You can build web applications, games, web services, windows apps and forms using C# with ease.

Here is a simple code that takes name as an input from a user and then prints it with a message –

using System;
namespace PrintNameApplication {
 class PrintUserName {
 static void Main(string[] args) {
 /* Write user name to console */
 String userName;
userName = Console.ReadLine();
 Console.WriteLine("Hello, " + userName + ". How are you today?");

Here Console.ReadLine() gets the value from the user, stores it in a variable named username and prints the same using the Console.WriteLine method.

Check out some common C# interview questions here.


C++ is an object-oriented language, which gave a major advantage over C because C was a procedural language, whereas, C++, just like C# is object-oriented. With OOP approach, data is the most important element and is tied more closely to the methods and functions operating on it, thus protecting it (data) from any unwanted or accidental changes.

Essentially, C++ is ‘C with classes’ and if you know C, you can learn C++ easily. Some features of C++ include –

  • A bottom-up approach focusing more on data than procedures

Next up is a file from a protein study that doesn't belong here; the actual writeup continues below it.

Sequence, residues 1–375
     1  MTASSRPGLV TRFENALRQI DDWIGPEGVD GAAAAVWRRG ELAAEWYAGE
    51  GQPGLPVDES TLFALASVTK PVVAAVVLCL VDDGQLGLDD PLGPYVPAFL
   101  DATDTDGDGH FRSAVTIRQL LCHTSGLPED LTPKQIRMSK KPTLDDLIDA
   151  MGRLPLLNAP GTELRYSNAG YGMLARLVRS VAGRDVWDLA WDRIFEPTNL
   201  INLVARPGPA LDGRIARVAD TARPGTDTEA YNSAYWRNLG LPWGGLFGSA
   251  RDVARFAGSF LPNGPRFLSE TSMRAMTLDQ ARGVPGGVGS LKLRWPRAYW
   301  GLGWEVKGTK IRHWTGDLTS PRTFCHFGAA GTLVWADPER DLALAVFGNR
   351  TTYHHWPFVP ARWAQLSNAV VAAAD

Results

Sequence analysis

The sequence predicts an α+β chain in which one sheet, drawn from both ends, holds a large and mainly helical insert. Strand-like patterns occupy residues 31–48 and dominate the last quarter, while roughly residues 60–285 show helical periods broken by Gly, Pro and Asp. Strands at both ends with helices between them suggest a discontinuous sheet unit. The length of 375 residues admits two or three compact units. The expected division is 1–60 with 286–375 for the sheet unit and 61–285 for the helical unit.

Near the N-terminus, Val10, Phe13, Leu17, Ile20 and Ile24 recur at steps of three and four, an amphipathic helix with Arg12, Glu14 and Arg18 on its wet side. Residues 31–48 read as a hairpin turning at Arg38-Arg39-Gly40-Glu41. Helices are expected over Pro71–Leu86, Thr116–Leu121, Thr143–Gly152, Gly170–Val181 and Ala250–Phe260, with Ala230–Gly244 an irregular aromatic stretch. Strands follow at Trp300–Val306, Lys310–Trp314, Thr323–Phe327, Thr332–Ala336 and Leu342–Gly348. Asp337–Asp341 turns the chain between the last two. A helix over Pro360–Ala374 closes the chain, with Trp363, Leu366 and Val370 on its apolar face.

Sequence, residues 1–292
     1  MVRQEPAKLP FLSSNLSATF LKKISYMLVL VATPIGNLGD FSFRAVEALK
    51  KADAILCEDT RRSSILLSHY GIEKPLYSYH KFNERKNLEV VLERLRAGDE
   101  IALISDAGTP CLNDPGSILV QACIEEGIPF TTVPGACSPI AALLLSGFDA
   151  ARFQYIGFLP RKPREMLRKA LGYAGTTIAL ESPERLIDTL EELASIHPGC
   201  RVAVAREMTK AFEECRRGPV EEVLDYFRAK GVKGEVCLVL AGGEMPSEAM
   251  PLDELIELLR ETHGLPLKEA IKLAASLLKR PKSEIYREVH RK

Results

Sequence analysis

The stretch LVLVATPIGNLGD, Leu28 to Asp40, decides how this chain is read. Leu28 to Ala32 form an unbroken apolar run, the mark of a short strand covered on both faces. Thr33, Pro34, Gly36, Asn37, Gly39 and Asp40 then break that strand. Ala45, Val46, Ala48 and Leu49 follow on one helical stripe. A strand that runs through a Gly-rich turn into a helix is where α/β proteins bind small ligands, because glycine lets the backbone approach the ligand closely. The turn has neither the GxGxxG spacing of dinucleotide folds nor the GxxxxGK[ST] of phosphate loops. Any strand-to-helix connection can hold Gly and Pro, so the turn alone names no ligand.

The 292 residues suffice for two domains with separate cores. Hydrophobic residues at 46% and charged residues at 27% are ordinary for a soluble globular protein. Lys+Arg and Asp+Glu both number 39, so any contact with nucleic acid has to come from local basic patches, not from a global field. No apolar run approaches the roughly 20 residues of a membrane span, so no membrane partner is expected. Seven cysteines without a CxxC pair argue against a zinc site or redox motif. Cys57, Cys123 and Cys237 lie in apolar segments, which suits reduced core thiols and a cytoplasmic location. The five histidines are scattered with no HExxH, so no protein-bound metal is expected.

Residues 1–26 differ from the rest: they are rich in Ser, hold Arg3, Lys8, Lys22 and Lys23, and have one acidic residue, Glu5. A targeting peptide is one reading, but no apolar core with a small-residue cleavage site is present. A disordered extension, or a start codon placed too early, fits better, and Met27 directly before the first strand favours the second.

• Case sensitive language – for example, break and BREAK are different
  • Platform independent
  • Simple and fast high-level programming language
  • Compiler-based language (not interpreter based)

C++ got its popularity as a huge improvement over C. For example, C++ introduced the concepts of OOPS, inline functions, method, and operator overloading.

Let us write our Print Username program in C++.

#include <iostream>
using namespace std;
int main() {
char username[30];
cout << "Enter user name-";
cin >> username;
cout << "Hello, " << username << ". How are you today?";
return 0;

Note that while we had defined username as String in C#, in C++ we declare it as a char array.

In this program, we have not created a class, but to get the OOPS essence, we should have a class definition in a program. In real-life applications, this is how we will be creating C++ programs -

#include <iostream>
class testclass
//member variables
int roll;
char name[30];
void testclass :: printname(void)